By The Canadian Press
WINNIPEG — The Manitoba and federal governments have finalized a health-care agreement that will see new money for home care, mental health services and other programs.
Manitoba is one of the last jurisdictions to sign on to the deal, which was announced by Ottawa in 2017 and aimed at different health services in each province and territory.
The province will receive $182 million over five years for specific areas of health care, such as expanding home care and boosting addictions treatment.
Manitoba Health Minister Cameron Friesen says some of the money will also be used to improve palliative care in rural areas.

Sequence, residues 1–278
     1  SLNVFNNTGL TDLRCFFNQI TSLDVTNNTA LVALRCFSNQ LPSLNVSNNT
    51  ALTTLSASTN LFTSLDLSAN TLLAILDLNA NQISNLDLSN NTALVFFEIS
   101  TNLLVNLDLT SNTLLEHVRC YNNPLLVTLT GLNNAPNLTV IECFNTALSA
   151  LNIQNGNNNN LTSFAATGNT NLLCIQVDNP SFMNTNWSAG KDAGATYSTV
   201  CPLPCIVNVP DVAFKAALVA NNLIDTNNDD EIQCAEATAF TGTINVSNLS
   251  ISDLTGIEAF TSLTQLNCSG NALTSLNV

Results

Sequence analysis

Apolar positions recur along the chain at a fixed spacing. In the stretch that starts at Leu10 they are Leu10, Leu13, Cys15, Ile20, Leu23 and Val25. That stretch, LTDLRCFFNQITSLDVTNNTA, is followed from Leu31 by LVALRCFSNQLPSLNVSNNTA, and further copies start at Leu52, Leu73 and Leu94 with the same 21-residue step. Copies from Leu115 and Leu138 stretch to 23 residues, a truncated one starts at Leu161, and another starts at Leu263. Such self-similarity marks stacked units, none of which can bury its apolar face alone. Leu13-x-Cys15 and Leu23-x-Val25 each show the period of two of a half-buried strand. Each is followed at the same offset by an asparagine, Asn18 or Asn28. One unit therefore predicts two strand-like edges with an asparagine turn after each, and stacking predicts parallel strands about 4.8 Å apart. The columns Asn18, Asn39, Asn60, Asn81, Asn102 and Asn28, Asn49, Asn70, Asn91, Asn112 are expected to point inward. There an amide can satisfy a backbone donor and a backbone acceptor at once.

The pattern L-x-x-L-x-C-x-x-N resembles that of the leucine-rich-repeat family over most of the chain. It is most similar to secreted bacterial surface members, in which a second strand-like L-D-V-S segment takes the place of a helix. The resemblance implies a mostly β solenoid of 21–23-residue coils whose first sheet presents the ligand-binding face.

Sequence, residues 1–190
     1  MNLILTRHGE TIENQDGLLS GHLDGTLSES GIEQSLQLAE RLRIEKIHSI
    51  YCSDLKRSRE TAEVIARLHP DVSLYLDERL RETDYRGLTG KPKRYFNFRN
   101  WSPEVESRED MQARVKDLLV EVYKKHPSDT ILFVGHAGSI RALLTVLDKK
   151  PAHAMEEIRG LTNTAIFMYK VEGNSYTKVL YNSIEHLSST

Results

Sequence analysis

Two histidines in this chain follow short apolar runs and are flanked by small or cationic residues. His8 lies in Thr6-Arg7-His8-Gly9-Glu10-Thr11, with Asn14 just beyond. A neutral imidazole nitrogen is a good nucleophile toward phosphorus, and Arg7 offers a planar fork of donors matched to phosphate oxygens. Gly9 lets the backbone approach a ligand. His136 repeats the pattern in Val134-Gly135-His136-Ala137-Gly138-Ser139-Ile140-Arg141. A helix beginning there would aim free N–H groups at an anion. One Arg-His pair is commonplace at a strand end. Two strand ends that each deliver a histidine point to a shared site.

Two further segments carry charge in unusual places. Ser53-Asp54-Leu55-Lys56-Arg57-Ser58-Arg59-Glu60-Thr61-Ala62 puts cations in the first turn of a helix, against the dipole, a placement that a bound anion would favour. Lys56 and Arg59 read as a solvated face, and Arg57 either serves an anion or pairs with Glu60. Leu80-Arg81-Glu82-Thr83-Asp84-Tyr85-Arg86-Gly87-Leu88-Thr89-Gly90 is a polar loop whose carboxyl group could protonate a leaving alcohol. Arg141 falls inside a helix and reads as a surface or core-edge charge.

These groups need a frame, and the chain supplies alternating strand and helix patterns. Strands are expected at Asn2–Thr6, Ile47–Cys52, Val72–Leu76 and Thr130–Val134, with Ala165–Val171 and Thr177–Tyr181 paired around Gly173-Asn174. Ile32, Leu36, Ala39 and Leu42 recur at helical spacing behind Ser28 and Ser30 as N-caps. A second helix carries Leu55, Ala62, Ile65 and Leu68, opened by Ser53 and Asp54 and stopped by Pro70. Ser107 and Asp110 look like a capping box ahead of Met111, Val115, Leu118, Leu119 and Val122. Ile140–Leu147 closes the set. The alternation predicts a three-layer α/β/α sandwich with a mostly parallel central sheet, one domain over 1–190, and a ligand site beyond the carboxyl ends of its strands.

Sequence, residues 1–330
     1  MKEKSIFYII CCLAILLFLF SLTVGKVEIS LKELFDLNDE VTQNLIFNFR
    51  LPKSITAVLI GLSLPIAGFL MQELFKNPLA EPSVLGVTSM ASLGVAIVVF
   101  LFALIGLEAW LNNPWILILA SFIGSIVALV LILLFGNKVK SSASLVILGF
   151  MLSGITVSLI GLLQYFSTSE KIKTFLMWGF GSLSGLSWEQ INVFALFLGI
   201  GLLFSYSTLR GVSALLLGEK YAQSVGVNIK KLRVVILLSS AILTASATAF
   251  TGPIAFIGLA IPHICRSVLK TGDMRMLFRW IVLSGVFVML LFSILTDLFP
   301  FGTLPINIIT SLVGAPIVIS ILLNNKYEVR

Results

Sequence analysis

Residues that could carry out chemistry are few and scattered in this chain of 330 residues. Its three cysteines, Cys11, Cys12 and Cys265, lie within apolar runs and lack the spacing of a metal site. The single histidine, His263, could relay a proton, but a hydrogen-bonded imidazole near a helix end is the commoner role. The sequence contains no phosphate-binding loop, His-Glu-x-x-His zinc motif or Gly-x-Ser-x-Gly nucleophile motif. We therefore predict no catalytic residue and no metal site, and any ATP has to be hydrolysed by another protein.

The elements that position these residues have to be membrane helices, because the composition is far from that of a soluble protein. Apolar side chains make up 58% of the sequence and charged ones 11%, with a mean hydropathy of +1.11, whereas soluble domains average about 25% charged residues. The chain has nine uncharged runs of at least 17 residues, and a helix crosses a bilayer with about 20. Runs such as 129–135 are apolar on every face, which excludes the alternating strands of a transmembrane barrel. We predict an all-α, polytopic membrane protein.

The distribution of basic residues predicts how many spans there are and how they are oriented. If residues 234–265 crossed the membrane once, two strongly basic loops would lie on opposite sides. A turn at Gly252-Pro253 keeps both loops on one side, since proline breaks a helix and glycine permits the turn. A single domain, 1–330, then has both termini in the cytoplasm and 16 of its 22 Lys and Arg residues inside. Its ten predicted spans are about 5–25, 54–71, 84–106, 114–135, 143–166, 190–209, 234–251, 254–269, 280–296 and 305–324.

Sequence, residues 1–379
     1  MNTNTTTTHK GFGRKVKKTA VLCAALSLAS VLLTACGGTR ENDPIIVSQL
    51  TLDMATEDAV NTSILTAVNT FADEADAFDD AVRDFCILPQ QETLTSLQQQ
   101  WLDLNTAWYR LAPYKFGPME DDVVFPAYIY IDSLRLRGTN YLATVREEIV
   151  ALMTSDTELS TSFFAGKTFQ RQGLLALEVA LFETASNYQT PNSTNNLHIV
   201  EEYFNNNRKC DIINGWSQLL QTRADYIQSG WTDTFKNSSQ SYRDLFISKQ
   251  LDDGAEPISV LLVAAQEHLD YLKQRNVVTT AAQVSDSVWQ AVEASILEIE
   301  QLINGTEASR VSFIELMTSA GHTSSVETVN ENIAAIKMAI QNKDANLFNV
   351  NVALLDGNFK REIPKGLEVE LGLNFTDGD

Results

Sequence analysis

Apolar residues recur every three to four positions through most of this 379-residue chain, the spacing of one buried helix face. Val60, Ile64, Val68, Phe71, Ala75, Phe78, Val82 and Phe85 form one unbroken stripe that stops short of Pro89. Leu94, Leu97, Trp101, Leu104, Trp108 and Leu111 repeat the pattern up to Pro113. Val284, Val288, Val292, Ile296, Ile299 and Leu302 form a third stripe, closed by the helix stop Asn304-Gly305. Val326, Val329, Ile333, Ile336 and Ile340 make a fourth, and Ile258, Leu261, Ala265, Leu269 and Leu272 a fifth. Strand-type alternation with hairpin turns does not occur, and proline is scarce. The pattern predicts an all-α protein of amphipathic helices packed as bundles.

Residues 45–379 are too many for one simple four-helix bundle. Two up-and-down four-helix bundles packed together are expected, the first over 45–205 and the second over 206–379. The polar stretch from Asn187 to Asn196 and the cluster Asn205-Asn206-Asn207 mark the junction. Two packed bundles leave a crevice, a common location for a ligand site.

The Canadian Institute for Health Information will track progress in the targeted areas to measure improvements.
Friesen says the long negotiations were worth the outcome, and the province is not out any money because of the time that has passed.
“What we have been pleased (with), at where we’ve arrived, is this recognition that the federal government has made of the robustness in our home care system. It does look different than in some other provinces,” Friesen said.
“This will mean more provision of care for nurse-hours in homes, more home-care attendant hours, and in some cases, it will be more dialysis capability for those clients for whom that is a viable service.”